I am not a hipster, but I can appreciate a cool thing when I see it. Such is the case with PLATFORM, the urban retail/restaurant/office space in Culver City’s Hayden Tract. The compound opened in April, and a hidden courtyard in the middle of all the polished cement, reclaimed wood, and biodegradable-ness is rife with shady spots to hang out on a Saturday. Your new weekend hang is across from the Culver City Metro Expo stop (or snag two hours of free parking in the building with the large Jen Stark mural), and the neighborhood is just starting to discover it. And yes, there is pressed juice (Juice Served Here), acai bowls (Sao Acai), rose gold aviators (Linda Farrow), and free range bison leather goods (Parabellum), in case you were doubting PLATFORM’s millennial verisimilitude. Spend a day there, and here’s what it might entail:
The iced mocha at Blue Bottle is probably the best I’ve ever had. It’s not their fancy $16 Port of Mokha (hey, I needed to save some dough for lunch, too), but it’s delicious. You can sit inside on the padded steps that go up to the second floor, or score a seat on the loft level, or just take your caffeine outside. The place is so new (and minimal, of course) that it still smells like fresh blonde wood. Whoever thought of the built-in shelf for your bag so you can pay more easily at the counter—will you marry me?
The Aussie apothecary gives you a little taste for free with samples of their fantastic (and pricey) balms outside the store. You can find all their grapefruit, rosemary, and cedar-y smelling lotions inside. This branch will be the first in L.A. to offer spa services (hurrah!), but there is currently no ETA on when treatment rooms will be open for business.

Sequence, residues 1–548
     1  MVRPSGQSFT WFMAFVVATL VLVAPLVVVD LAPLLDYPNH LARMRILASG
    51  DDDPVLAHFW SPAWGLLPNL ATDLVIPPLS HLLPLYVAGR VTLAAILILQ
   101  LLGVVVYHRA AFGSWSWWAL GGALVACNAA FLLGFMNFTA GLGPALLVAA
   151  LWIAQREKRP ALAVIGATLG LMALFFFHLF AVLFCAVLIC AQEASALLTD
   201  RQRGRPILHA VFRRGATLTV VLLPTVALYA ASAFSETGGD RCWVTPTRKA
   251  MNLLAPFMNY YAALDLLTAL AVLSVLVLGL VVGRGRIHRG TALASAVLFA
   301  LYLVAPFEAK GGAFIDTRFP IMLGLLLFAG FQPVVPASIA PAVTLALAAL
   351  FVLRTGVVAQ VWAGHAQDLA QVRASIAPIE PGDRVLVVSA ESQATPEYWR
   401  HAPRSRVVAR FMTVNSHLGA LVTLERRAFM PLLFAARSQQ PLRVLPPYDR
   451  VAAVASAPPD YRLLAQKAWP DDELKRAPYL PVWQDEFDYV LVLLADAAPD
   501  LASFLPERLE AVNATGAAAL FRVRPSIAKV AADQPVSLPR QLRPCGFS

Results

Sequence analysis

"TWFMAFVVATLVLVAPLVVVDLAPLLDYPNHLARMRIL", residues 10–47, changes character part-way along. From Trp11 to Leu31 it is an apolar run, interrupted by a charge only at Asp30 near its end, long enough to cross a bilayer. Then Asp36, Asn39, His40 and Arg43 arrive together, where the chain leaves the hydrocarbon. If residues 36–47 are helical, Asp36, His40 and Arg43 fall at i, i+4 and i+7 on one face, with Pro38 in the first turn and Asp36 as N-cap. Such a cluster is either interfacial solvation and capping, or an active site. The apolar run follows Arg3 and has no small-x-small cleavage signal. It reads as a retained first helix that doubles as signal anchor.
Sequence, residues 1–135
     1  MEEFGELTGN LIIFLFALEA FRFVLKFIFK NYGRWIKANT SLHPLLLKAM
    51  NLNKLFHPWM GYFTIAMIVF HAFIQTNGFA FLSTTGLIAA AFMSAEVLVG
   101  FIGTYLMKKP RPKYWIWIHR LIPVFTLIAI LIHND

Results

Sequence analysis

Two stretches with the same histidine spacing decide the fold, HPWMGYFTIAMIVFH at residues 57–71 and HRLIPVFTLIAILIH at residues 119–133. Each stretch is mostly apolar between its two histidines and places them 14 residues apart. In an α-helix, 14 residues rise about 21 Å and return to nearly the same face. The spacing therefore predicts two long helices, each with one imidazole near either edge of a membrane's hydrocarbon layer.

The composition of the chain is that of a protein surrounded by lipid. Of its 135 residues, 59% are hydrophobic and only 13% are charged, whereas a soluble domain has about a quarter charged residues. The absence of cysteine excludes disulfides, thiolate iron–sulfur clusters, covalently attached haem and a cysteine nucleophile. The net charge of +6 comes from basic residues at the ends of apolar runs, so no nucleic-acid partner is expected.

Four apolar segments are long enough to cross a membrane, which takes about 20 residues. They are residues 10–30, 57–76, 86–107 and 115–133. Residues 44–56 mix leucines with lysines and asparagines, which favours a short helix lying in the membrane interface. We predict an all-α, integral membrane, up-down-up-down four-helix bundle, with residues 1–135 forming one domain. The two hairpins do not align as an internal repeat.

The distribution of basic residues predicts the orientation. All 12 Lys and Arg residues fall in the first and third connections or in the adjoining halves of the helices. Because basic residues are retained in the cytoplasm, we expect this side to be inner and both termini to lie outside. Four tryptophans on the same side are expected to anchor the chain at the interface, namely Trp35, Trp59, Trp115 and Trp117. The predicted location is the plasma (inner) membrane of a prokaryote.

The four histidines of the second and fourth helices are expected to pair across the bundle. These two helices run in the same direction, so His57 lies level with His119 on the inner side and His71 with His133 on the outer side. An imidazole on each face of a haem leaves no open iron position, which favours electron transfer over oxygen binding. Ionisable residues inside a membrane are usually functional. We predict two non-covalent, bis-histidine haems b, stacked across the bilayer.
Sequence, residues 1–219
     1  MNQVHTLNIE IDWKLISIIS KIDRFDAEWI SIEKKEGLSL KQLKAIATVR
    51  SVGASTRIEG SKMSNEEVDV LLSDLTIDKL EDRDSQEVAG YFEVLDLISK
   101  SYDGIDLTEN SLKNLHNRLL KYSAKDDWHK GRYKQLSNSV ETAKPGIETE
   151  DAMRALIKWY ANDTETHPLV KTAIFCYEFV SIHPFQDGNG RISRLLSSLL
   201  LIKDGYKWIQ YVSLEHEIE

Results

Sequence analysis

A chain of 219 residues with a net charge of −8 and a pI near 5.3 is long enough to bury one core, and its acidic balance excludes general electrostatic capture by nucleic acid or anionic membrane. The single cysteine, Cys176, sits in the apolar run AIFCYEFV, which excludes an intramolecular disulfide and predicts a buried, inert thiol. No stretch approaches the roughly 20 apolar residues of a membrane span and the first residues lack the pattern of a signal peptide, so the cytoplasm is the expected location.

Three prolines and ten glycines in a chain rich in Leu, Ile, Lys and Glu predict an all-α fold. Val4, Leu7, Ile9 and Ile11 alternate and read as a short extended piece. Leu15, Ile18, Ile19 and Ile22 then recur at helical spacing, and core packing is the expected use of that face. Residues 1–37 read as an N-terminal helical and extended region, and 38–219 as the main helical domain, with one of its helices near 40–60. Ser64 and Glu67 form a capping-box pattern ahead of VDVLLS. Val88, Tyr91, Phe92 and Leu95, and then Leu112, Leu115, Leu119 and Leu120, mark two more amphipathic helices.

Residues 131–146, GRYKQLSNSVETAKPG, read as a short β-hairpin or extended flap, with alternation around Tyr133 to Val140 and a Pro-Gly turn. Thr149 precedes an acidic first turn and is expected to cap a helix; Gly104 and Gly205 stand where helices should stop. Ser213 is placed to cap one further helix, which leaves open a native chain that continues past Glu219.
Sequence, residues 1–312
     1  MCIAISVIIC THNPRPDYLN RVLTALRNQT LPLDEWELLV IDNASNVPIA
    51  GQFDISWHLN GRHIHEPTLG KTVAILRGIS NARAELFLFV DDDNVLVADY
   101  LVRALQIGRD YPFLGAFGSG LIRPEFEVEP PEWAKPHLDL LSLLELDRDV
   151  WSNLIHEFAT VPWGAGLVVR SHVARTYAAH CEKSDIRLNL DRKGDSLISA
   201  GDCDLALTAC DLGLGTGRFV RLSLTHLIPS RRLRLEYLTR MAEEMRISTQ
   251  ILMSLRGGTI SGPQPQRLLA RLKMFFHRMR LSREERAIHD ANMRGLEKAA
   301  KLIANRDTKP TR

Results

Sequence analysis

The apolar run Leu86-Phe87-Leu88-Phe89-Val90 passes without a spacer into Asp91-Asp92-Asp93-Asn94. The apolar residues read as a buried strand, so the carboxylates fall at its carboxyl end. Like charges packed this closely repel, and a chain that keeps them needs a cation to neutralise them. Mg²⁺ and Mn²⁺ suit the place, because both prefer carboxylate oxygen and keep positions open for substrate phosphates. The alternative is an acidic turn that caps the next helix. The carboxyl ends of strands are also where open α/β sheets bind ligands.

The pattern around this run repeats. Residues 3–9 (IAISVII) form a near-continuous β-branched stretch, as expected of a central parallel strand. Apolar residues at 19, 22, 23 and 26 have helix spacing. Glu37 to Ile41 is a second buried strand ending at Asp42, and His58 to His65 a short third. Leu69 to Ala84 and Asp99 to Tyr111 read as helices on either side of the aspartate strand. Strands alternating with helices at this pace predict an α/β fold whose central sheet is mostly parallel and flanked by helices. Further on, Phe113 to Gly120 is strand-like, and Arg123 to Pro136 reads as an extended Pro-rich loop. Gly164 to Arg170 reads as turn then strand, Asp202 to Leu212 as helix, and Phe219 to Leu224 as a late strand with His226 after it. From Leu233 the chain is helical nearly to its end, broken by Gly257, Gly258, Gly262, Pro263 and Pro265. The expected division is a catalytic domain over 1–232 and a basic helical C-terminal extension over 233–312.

Baja style tacos, Mexican Cokes, and something stronger are served underneath strings of peppers lining a cinder block wall. The fellas manning the grills are having such a good time it’s infectious, and the sautéed mushroom tacos on corn tortillas are really nice.
Jennifer McGarigle’s flower, event planning, and home furnishings boutique is the newest shop on the block with an inspired collection of bud vases and candles that you don’t need a Kickstarter campaign to afford. Floral Art design classes happen in her flagship location nearby on Hayden.
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The cathedral-like space shared by Nevena Borissova’s CURVE and interior designer Tom Dixon, is not finished inside, but what is complete is inspiring, from Rodarte shoes to artistic brass writing instruments. Candles mirror the elements (Earth, Wind, Fire, Water), and I’m not quite sure if you actually use the kitchenware or just look at it. This is Brit Tom Dixon’s biggest store in the United States, and there’s a spot near Washington that is slated to be a gorgeous café (Fall 2016).
If the furniture in here looks familiar, it’s because Ilan Dei created much of the outdoor pieces for the complex. It’s the place you go when you want air plants in cool containers and wooden slingshots. The furniture is colorful, and each home item is beyond clever. You can also grab some Oliver Peoples sunglasses in there.
The Amish lumberjacks (aka waitstaff) were so nice in this meat paradise that I couldn’t even be crabby as they bumped me on trips to-and-from the kitchen. They serve meat with sides of meat (the 96’er, aka a giant steak, is a nice touch–order in advance) and it’s a riot to watch planks of lamb, beef, and pork served on paper being plunked down on tables. They just started breakfast hours (8 a.m.—11 a.m.) and have a handful of items at those hours that won’t give you the meat sweats.